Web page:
Motivational interviewing is a client-centered directive method for enhancing intrinsic motivation to change by exploring and resolving ambivalence. Sedgwick County Department of Corrections has implemented Motivational Interviewing techniques in working with clients. Employees are provided ongoing phase system trainings.
The OARS poster can be displayed to reinforce OARS skills for staff.
Skills Development Procedures
This document is an implementation plan for introducing, developing and coaching staff’s Motivational Interviewing (MI) skills.
Staff Skills Development Grid
Staff progress through levels of Motivational Interviewing (MI) at different rates. This tool can be utilized to track numerous employees at once. This tool will assist in tracking the employee’s MI level plus progress.
Audit - Phase 1 through 4 AFS 2008
This tool can be used to coach staff in skill development. The form ranges from basic to complex MI skills and can be used to maintain fidelity to the MI model.
Brief Interaction Rating Form for ISO - Behavior Change Counseling Index
This form can be used during brief staff interactions with clients. This form can also be useful during coaching sessions and peer review sessions.
Cost and Benefit Analysis
The Cost and Benefit Analysis tool can be used to assist staff in developing discrepancies with clients. This technique helps the client to recognize their own discrepancies through staff and client collaboration. Recognition of discrepancies can lead to client behavior change.
Motivational Interviewing Audit Scoring Guide 2008
This guide is a reference provided through the Motivational Interviewing website. This guide assists the skills developer to maintain consistency in scoring staff skills.
Motivational Interviewing Desk Reference Guide
This at-a-glance reference guide assists staff who are new to MI. This resource is used to learn, reinforce and utilize MI skills. This tool should be easily accessed by staff for quick reference during interaction with clients.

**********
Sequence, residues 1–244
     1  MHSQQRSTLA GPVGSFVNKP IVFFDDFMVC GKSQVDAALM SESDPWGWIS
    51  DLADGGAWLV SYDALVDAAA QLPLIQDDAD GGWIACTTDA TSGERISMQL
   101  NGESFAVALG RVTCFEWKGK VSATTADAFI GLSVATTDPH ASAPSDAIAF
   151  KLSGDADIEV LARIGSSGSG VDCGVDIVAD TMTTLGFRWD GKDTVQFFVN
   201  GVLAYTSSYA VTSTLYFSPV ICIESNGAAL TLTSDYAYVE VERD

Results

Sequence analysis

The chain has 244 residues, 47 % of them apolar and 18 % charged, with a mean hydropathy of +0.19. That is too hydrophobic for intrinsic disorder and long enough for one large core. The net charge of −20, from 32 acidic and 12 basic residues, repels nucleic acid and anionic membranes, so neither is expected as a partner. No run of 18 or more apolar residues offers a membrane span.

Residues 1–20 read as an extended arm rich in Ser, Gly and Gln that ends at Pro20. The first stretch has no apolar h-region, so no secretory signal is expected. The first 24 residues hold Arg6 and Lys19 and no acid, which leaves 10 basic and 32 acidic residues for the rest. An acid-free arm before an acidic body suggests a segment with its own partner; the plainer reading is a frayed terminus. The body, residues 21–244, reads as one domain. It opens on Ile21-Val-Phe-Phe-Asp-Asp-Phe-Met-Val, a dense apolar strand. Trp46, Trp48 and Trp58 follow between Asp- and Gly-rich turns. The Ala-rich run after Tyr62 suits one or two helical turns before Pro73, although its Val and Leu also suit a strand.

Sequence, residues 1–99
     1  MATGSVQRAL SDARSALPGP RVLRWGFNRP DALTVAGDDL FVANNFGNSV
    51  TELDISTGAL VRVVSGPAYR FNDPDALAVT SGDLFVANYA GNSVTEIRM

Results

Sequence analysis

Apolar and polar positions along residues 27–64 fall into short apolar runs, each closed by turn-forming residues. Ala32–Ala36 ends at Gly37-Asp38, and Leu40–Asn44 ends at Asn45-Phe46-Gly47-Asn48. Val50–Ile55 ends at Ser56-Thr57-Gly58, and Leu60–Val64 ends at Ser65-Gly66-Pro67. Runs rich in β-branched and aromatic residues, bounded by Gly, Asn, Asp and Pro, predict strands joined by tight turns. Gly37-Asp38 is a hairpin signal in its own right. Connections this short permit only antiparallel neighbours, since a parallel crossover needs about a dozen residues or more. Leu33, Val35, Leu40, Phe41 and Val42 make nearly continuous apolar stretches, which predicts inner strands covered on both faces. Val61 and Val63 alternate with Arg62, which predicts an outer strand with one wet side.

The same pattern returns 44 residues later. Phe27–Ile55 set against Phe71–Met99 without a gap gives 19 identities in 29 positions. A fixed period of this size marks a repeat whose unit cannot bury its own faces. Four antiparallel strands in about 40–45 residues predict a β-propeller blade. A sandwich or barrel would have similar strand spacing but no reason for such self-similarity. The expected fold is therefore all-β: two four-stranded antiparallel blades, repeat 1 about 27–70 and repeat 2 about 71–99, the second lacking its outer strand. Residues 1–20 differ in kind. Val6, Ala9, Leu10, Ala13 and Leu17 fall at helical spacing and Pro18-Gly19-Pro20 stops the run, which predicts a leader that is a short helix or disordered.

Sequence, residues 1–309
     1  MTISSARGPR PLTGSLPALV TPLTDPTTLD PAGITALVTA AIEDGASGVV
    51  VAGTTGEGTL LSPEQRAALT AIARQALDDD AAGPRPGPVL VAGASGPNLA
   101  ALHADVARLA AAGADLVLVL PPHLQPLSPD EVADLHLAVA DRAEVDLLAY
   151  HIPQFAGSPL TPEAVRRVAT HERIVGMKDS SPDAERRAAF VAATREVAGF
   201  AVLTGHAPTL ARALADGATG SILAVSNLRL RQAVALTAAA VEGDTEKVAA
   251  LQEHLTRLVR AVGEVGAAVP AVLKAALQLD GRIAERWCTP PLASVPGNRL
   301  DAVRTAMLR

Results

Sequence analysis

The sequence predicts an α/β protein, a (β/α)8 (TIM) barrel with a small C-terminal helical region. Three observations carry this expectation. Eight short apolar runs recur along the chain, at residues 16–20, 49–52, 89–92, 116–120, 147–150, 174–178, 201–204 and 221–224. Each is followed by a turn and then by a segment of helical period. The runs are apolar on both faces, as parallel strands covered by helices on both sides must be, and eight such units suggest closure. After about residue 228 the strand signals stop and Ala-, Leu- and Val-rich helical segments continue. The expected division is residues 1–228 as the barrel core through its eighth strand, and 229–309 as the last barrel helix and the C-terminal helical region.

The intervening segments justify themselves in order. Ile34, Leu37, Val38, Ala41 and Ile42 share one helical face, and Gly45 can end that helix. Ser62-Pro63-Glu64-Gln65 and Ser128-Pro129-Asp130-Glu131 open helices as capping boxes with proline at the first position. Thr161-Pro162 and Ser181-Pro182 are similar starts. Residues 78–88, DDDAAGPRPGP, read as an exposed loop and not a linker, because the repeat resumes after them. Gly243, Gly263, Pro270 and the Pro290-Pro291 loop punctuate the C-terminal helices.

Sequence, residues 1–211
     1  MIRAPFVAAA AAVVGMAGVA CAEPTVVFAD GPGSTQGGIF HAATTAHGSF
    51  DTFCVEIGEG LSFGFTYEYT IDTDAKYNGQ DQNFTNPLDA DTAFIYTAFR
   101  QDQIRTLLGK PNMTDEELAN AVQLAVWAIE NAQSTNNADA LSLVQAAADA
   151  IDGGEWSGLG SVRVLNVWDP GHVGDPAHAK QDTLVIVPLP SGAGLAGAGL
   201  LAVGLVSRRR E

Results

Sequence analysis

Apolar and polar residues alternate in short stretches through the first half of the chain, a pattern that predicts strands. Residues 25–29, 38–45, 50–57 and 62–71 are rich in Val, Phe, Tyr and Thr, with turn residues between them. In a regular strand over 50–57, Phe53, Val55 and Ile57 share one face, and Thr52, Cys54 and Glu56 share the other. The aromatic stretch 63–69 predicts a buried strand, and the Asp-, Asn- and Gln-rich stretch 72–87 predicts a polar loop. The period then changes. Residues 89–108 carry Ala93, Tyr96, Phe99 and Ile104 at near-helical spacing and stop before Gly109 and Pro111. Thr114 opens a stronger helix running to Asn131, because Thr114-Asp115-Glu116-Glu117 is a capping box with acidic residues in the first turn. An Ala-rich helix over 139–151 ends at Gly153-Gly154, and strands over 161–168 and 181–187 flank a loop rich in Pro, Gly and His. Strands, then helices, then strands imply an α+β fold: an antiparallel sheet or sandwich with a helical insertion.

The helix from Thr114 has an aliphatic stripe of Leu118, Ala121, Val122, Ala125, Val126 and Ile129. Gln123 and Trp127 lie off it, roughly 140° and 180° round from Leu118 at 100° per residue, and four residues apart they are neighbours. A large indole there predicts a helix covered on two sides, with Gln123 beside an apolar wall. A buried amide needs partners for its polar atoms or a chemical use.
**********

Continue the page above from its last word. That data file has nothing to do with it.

“What Works and What Doesn’t in Reducing Recidivism for Juvenile Offenders”
(PowerPoint by Dr. Edward J. Latessa presented in Wichita on 2-26-09)
“What Works / What Doesn’t in Changing Behaviors”
(PowerPoint by Dr. Jennifer Pealer presented in
(Accompanies Dr. Pealer’s “What Works” presentation on 6-27-08)
“What Works and What Doesn’t in Reducing Recidivism: The Principles of Effective
(PowerPoint by Dr. Edward Latessa presented in
Evidence-Based Resources for OJJDP Program Applicants
(Office of Juvenile Justice and Delinquency Prevention)
Implementing Evidence-Based Practice in Community Corrections
(Department of Justice, National Institute of Corrections, 2004)
“Juvenile Crime and Consequences in Kansas”
(Resource by Kansas Legal Services, Inc., 2011)
Benefits and Costs of Prevention and Early Intervention Program for Youth
(Washington State Institute of Public Policy, Sept. 2004)
Benefit-Cost Analysis of Prevention & Early Intervention Programs
(Washington State Institute of Public Policy, Steve Aos, Sept. 2005)
The Comparative Costs and Benefits of Programs to Reduce Crime
(Washington State Institute of Public Policy, May 2001)
A Guide for Probation and Parole – Motivating Offenders to Change
(Department of Justice, National Institute of Corrections, 2007)
Positive Youth Justice – Framing Justice Interventions Using the Concepts of
Positive Youth Development
(Butts, Bazemore & Meroe, 2010)
Reducing the Harm: Identifying Appropriate Programming for Low-Risk
(Lowenkamp, Smith and Bechtel, 2007)
A Quasi-Experimental Evaluation of an Intensive Rehabilitation Supervision Program
(Bonta, Wallace-Capretta and Rooney, 2000)
Understanding the Risk Principle: How and Why Correctional
Interventions Can Harm Low-Risk Offenders
(Lowenkamp & Latessa, 2004)
700 S. Hydraulic
Wichita, KS 67211